The WMH-700L is decent, and with a little more development it could be greatWrite your own review
- Detailed sound
- well balanced tonally
- especially good with CD
- decent build quality
- Not as pleasing to use as it should be
- the remote and app should be better
Sansui is marking its return to the UK with the release of a whole raft of new hi-fi products, including this WMH-700L two-box micro system comprising a CD player as well as a receiver that can also stream files over a network. The well turned out speakers are included as standard.
We’ll go into the tech in a bit, but first let’s jump straight in with a CD. The Sansui WMH-700L excels here, with a clear and punchy sound work that works well with the likes of Alicia Keys’ The Diary Of…
There’s decent bass, and rhythmically things hang together well. For a product of this type there’s a good degree of insight into recordings, too.
Sansui WMH-700L: Audio streaming
Stream uncompressed content and the sound loses some solidity. It remains an enjoyable experience though, with the Sansui producing pleasing sounds through a whole range of music. The receiver’s file support is decent (WAV, FLAC, AAC and MP3 are all catered for) up to 24-bit/48kHz.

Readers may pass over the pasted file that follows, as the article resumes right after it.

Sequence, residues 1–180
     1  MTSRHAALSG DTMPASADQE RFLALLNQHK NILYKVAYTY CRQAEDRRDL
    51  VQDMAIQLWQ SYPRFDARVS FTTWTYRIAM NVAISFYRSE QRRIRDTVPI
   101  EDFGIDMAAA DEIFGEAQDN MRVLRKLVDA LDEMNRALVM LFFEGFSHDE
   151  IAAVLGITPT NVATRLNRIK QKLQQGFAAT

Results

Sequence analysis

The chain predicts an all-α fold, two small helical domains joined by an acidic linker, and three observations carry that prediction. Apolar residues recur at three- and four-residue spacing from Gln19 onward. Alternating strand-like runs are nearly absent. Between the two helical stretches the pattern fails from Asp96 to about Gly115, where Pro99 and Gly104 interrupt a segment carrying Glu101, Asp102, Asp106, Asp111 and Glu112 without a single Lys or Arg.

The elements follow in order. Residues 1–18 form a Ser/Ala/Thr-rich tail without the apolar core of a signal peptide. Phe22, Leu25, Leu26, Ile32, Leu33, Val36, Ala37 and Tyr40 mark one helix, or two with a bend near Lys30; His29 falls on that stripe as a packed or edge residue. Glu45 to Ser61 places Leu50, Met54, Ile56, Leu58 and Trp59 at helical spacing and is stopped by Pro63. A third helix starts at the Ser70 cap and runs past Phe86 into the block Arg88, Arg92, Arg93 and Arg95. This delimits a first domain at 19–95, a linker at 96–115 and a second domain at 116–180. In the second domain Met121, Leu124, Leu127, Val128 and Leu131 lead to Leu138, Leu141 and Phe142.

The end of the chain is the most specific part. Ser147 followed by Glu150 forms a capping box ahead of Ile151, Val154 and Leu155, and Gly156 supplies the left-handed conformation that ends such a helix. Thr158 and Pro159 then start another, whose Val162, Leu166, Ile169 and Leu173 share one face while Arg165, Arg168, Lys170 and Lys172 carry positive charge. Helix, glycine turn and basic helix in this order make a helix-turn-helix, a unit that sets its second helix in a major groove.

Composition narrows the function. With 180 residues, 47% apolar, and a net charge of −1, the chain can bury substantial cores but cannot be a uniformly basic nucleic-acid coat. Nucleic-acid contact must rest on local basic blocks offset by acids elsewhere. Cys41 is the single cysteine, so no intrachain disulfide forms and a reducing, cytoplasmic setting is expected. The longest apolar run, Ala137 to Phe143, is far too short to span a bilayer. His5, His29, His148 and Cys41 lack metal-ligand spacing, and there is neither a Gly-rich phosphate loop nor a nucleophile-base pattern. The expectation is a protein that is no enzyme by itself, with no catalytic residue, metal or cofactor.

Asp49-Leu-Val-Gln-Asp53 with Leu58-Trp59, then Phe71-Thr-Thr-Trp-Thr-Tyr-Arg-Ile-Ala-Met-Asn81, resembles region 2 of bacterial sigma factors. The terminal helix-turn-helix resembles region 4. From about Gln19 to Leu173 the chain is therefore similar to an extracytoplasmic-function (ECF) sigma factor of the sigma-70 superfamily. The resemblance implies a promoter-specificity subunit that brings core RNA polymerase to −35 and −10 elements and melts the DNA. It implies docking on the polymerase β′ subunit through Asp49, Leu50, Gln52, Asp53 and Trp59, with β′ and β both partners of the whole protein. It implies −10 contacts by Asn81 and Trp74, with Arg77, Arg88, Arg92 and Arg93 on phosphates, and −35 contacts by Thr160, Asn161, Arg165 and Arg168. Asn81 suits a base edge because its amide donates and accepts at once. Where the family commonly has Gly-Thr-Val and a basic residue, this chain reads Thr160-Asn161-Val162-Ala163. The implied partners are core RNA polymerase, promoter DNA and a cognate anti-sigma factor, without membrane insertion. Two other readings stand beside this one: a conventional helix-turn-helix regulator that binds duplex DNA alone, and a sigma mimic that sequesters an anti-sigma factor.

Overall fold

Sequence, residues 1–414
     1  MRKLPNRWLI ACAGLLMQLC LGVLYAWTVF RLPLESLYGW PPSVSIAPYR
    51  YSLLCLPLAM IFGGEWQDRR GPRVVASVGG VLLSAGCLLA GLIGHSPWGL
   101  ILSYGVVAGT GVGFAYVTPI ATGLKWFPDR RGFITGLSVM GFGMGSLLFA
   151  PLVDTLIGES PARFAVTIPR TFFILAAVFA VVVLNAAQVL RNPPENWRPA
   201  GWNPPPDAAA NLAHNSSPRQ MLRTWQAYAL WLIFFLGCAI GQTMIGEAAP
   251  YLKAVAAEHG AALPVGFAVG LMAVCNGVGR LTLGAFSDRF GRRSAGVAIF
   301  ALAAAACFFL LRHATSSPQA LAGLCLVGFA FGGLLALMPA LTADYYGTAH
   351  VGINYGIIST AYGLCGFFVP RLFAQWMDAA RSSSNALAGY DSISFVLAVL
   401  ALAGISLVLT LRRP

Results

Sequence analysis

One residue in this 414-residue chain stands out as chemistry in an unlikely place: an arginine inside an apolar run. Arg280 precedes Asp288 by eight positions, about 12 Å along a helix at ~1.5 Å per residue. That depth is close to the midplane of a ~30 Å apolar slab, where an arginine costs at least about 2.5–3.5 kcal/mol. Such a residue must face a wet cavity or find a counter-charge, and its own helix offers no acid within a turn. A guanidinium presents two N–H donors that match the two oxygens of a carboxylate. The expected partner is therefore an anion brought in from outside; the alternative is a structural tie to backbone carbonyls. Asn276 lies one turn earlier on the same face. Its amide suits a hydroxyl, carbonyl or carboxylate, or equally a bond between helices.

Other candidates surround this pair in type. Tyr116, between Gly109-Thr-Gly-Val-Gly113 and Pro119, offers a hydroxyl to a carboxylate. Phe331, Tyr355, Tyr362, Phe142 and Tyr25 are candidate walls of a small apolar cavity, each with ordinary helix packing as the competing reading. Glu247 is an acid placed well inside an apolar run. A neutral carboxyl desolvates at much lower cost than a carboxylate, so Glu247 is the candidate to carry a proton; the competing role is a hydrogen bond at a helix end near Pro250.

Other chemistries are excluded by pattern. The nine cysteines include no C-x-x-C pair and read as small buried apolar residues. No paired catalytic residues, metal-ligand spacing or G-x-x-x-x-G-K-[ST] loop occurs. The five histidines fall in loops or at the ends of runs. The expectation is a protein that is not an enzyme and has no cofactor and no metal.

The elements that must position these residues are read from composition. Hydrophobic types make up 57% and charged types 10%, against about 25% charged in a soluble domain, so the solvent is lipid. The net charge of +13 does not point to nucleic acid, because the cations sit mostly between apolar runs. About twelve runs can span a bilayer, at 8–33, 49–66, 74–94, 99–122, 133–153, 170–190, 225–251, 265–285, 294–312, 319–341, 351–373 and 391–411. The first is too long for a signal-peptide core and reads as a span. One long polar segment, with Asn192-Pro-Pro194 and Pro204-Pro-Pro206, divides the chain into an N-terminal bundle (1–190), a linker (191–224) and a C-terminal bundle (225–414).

The DAB and FM radio tuners are about par for the course, though FM was a little noisier than we’d hope for. Radio, as always, needs a good signal to work well.
The receiver (but oddly not the CD player) can be controlled with Sansui’s free iOS Libretto app – an Android version is due in June. It works fairly rapidly for the most part but isn’t wholly logical in use.
Sansui WMH-700L: Poor remote control
We’re no fans of the conventional remote, either. It’s a poor effort crammed full of small buttons that feel a bit vague. It doesn’t help matters that the system’s control software isn’t as intuitive or robust as it could be, either.
There were occasions when it 'hung' while using the network functions and emitted the odd buzz when switching between the streamer and line level inputs.
It’s a shame, because this micro sounds rather good. If Sansui sorts out the usability, the WMH-700L’s sonic performance is good enough to worry established competition.